I wanted to share a good opportunity for learning Wireshark with some real-life packet capture files. In addition to providing high-level analysis, Palo Alto’s Unit 42 often has tutorials on how to use some security-related tools.
Their latest post walks through how to analyze Emotet infection traffic. There are links within the blog to Unit 42’s github page, where the PCAP files are hosted.
I don’t use Wireshark very often as part of my day-to-day job, but I know that just about every CTF I’ve done usually features a “find the needle in the PCAP” type of challenge. While sometimes other tools are more intuitive for doing certain things, the versatility of Wireshark makes it one of those tools that you’re going to find useful at some point.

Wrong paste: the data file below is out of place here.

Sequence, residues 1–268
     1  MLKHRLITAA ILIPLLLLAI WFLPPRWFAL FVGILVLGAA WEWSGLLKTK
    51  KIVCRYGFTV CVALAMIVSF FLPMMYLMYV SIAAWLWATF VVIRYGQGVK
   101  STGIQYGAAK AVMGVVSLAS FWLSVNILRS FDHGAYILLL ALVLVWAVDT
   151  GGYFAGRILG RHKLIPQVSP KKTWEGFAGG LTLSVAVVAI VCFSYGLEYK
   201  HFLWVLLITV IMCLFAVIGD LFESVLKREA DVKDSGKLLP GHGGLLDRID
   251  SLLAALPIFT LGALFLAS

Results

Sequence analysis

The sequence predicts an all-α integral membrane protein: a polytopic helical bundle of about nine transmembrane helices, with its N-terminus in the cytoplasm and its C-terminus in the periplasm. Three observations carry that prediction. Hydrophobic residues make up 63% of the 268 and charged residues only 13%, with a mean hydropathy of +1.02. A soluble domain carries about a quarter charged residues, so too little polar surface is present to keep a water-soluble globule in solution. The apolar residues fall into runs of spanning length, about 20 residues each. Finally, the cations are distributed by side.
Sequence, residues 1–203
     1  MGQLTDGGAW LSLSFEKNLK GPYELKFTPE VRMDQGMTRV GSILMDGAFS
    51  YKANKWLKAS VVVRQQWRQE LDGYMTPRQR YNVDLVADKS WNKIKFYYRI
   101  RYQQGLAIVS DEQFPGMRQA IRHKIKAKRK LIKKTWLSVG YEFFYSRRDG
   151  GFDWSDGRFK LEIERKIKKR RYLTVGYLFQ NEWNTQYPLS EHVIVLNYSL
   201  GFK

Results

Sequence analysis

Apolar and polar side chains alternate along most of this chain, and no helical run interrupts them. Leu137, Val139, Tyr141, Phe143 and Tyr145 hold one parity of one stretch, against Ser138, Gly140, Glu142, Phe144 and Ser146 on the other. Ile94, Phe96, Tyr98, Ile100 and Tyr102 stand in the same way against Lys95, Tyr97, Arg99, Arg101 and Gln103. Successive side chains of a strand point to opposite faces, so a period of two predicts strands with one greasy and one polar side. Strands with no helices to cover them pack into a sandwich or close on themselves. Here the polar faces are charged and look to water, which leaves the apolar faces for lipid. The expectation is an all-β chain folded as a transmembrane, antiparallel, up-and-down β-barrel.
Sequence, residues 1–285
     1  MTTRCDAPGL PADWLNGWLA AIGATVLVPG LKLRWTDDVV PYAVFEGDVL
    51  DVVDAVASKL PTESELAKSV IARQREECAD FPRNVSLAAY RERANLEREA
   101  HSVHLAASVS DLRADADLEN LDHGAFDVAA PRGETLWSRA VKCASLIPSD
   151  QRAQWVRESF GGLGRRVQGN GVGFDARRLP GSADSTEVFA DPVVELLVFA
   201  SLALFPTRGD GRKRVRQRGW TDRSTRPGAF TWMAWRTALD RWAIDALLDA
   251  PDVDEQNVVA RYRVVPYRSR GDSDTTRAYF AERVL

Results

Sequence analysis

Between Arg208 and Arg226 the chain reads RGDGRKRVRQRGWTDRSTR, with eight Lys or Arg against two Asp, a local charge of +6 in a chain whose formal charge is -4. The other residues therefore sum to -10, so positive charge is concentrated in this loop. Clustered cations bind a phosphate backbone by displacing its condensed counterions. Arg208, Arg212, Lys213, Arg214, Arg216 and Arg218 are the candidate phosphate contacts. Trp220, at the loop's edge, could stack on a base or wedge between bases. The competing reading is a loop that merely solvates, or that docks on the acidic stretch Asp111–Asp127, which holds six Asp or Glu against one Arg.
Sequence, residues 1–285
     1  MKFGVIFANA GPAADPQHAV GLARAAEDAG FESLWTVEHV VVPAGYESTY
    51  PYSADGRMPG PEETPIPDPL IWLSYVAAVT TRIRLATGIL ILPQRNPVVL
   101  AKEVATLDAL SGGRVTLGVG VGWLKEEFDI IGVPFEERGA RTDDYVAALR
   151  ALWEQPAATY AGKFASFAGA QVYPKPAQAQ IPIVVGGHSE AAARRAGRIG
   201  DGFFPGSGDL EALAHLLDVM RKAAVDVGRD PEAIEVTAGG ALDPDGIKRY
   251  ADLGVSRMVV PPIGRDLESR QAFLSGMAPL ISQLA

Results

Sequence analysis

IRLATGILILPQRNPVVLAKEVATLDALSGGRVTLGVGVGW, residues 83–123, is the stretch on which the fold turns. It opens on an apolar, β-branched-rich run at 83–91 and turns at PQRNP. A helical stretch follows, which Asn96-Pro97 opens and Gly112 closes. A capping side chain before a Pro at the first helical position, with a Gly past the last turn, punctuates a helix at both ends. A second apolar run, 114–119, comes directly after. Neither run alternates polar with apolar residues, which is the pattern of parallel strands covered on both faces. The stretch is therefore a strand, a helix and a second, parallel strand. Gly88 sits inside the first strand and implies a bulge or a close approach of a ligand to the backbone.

It’s also very overwhelming, especially for beginners who might not know what exactly they’re looking for. Even with a fundamental knowledge of things like the OSI model or the TCP/IP stack, it still can be a daunting tool to use.
If you’re a security professional looking to get into using Wireshark, I recommend first checking out this post on customizing the display. It will show you some basics and give you a pretty decent starting point for using Wireshark to inspect potentially malicious traffic.